Then we went to lunch. Most of the group went and ate tilapia that came right out of the Sea of Galilee, but I learned after an encounter with an enormous amount of falafel yesterday that I prefer a smaller lunch. (Plus, I had fish for breakfast. So there.) Instead, I went the scavenging route, unearthing a sandwich I’d packed earlier and purchasing a lemonade from a nearby gas station. Some much better foragers, who’d also chosen to forgo the fish, went out and found a grocery store, and came back bearing fresh pita, hummus, and strawberries. And they shared. Sandwich be darned.
After lunch, we went a-sailing on the Sea of Galilee. It was pretty and peaceful, except for the cheesy renditions of Christian CCM blaring over the loudspeakers, and the dance break. Yes, the dance break. Because nothing completes a boat ride around the Sea of Galilee like twenty tourists learning how to dance to the “Hava Nagila.” That part was awesome.
Then it was off to Capernaum, home of, like, a zillion of Jesus’ apostles. OK. It was five. My sense of reality was starting to skew by this point in the afternoon. Capernaum is pretty incredible–it’s like, having uncovered a couple of acres of ancient civilizations, all the archaeologists stood up, stretched, and said, “Ok, that’s good,” and walked off. So tourists wander across sidewalks that are really cement islands in the middle of a sea of exposed basalt ruins. You can see through the layers of time, from the neat, hewn bricks down to the walls of mortared fieldstone, which is the stuff that was contemporary to Jesus.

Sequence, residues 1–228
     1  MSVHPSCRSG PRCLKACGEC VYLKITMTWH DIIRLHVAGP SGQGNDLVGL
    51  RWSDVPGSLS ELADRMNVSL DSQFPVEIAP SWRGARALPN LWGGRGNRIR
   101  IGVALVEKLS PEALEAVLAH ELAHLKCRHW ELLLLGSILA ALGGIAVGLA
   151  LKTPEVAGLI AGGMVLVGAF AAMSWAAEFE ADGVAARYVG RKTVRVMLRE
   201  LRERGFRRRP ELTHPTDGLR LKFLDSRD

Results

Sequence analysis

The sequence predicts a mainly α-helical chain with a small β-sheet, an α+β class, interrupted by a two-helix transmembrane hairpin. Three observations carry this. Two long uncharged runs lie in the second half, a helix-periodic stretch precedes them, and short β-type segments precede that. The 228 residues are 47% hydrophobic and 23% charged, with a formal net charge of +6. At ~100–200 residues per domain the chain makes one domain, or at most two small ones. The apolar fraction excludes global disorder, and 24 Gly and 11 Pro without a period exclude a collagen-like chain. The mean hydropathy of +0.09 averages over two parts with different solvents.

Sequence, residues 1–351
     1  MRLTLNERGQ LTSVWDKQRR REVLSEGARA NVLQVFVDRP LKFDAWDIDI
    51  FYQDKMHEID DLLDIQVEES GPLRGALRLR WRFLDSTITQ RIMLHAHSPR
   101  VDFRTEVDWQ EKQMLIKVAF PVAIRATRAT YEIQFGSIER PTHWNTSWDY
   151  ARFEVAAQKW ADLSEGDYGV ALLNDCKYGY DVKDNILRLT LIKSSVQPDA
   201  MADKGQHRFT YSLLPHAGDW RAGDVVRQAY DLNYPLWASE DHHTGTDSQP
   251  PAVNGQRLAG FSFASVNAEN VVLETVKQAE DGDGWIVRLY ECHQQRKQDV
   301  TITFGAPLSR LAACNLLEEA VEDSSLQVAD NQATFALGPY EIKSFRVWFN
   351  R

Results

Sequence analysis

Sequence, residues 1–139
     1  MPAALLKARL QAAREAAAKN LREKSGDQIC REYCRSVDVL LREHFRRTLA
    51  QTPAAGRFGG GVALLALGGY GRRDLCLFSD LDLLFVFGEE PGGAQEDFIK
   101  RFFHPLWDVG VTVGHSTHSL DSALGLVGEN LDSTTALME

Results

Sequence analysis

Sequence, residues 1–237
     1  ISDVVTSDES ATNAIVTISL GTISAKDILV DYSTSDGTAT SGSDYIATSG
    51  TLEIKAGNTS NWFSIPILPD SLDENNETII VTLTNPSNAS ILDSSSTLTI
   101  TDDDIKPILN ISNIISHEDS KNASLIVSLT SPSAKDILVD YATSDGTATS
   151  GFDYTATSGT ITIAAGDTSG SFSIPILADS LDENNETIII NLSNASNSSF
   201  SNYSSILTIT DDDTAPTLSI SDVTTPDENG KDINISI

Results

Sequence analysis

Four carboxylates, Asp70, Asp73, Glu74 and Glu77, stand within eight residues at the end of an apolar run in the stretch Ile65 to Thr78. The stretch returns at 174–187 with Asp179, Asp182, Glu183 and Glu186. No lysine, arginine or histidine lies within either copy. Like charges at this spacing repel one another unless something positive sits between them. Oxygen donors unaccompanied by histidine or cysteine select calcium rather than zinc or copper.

The reason we’re all really excited about Capernaum is that Simon Peter’s house is there. Like, really. And we found it. For reals. We’re pretty sure it’s a real McCoy. There is a church built over it, and there has been ever since the Byzantine era, but that doesn’t stop archaeologists. They just tunnel around it.
The gray bar at the top is the floor of the current church. The nice, orderly wall is the old Byzantine church. The wall of unhewn stones stacked into a wall is the original house, where graffiti including Simon Peter’s name and Christian symbols has us thinking we’re on the right track.
Simon Peter’s house. Mind. Blown.
The house is a few dozen yards from the Jewish synagogue (where a newer Jewish synagogue was built on the site of the original), and a few dozen yards to the Sea.
There’s one more stop–you guys still with me? We went to the site of ancient Bethsaida. At least, we think we did. There’s some question about whether the site is actually Bethsaida (from scholars, not from my sleep-deprived mind). But we were definitely there. At the site. Whatever it was. And there certainly was a very ancient civilization there, complete with basalt ruins and pagan altars and standing stones and wandering livestock.
Dr. Vitalis-Hoffman did some digs there, and gave a really excellent tour, which maybe I’ll come back and elaborate on. After dinner. Which started half-an-hour ago. That’s how devoted to you guys I am. Please be impressed.
Tomorrow, we hit up the land north of the Sea of Galilee. Stay tuned!